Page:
QRPp POTA: How many hunters can I possibly log with only 100 milliwatts–?

As I walked out the door on the morning of Tuesday, March 21, 2023, I grabbed my Elecraft KX2, MM0OPX 40 meter end-fed half-wave, and a key I hadn’t yet taken to the field: my Bamakey TP-III!

I had a full day of errands, appointments, and carting my daughters to/from school, but I also had a good 90 minute window to play radio!

As I’ve mentioned previously, the Vance Birthplace (K-6856) is incredibly convenient this particular school term. I pass by it twice a week, and I feel incredibly fortunate because it’s a wonderful POTA site with POTA-friendly staff. They all know me quite well there at this point.

The Vance site is a small park and the only negative (from the point of view of a POTA activator) is if you have poor timing, you might arrive only to find that a large school group has taken over the site. This is especially a concern on weekdays during school hours–in other words, the time I usually activate Vance.

I pulled into the Vance site that morning and there were no vehicles there other than park staff. A good sign so far!

The only appropriate spot to activate at Vance (if you operate a portable HF station) is in or near the picnic shelter. The rest of the site is where visitors wonder through the old homestead and take guided tours.

I never set up my station in the middle of park activities or in a viewshed.

At the end of the day, we represent all Parks On The Air activators and the amateur radio community at large when we’re in public spaces. The last thing we want to do is detract from others’ park experience.

Before pulling any gear out of the car, I walked into the visitor center and asked the park staff for permission to set up in the picnic shelter. I always do this because if a school or tour group is scheduled to visit the site that day, they almost always need the picnic shelter and have it reserved.

Fortunately, no one had scheduled the picnic shelter, so the park ranger told me, “It’s all yours! Have fun!

Proper POTA Flea Power!

I like shaking up each new activation in some small way so that it’s not a carbon copy of any previous activation.

Since, like most POTA activators, I visit the same local parks the bulk of the time, it adds a little extra challenge and fun to try different gear combinations, experiment with new antennas, or even (as in this case) try different power settings–!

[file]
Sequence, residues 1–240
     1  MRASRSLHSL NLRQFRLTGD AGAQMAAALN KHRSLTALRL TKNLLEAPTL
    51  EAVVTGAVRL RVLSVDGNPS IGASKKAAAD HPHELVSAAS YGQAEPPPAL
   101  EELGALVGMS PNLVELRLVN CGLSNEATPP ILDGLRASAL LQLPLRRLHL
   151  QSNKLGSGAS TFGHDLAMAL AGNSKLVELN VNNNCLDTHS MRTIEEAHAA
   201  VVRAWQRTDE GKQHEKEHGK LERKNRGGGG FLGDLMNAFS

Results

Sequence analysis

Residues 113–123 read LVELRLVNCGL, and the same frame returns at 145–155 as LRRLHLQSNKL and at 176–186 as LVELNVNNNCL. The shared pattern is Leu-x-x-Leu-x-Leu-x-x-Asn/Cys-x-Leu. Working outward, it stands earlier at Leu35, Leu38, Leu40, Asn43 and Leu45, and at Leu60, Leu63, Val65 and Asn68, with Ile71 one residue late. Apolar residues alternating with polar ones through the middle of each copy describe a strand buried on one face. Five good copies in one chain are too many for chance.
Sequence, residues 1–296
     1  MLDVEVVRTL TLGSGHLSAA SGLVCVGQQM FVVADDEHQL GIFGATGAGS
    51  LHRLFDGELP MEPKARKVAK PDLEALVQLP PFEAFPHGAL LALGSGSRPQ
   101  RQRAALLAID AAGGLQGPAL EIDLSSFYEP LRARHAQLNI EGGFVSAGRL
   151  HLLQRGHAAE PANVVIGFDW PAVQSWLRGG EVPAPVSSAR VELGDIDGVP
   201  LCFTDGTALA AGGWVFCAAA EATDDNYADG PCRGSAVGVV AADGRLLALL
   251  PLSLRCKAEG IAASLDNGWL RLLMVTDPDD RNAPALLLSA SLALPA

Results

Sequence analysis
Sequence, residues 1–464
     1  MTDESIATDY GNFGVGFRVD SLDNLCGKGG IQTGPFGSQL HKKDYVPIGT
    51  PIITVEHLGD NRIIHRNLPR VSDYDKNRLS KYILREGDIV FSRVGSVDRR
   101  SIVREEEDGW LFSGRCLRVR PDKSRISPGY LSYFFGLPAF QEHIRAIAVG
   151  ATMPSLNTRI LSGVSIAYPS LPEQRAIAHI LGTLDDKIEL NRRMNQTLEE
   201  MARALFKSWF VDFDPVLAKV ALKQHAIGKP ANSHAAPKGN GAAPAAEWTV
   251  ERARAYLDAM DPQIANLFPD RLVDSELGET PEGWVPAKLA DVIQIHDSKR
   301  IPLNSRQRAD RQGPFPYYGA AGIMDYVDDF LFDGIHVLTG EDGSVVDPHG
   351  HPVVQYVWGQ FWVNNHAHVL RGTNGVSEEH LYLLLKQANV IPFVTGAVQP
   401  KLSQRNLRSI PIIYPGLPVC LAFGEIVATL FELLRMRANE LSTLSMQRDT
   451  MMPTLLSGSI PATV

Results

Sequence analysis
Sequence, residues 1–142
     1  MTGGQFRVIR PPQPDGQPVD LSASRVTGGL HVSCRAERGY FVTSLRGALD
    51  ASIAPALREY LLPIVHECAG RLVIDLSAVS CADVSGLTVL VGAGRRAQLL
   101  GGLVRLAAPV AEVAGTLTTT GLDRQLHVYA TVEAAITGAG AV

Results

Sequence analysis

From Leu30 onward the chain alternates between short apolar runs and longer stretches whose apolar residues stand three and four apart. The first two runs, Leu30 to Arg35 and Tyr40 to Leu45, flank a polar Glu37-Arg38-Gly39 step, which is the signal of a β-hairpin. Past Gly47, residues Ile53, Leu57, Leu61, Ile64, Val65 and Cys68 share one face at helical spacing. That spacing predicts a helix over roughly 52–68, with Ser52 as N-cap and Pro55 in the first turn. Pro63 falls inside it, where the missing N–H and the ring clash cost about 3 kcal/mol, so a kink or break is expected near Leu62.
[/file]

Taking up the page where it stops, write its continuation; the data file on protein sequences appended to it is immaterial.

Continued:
After getting approval to set up my station, I decided I’d shake things up by, once again, by attempting to validate this POTA activation with my KX2’s lowest power setting: 0.1 Watts, or 100 mW.

I did this once before and was pretty blown-away with the results. During that activation, I logged my first ten hunters–thus validating the activation–with 100mW, then increased my power output to a QRP full gallon (5 watts).

This time, I decided to start with 100mW and work as many stations as I could; when hunters stopped calling me, I’d then up the power and see what impact that might have.


This would also be my BaMaKeY TP-III’s first POTA activation!

Last year, after being urged by so many readers to check out the TP-III, I ordered one in a moment of weakness. They’re not an inexpensive key at 161.00 EUR, but I love supporting our ham radio cottage industries. (At least, that’s my excuse and I’m sticking with it!)

I received the TP-III a couple weeks later and used it in the shack for a few days. I then packed it in my MTR-3B field kit. That Tuesday morning, I opened my MTR-3B field kit, rediscovered the TP-III there and grabbed it for this activation!

QRPp weapon of choice!

The MM0OPX end-fed half-wave antenna was already packed in my field kit, so it was a natural choice for this QRPp activation. After all, it performed marvelously the last time I tried a 100mW activation!


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On The Air

Since I was using a 40 meter end-fed half-wave, the plan was to start on 40 meters, then move up to 20 meters if activity died down.

I hopped on the air with low expectations. Running one tenth of one watt has its obvious limitations, right?

I started calling CQ POTA on 40 meters and was pleased to hear a station call back pretty quickly. Then another. And another…all in rapid succession… What?

Within a mere eight minutes, I’d logged the 10 contacts needed to validate the activation. Dang! That’s about as good as it gets!

I decided to stick with 100 mW.

I continued working stations until I simply ran out of time. After working my buddy John (AE5X), I called QRT and counted the contacts.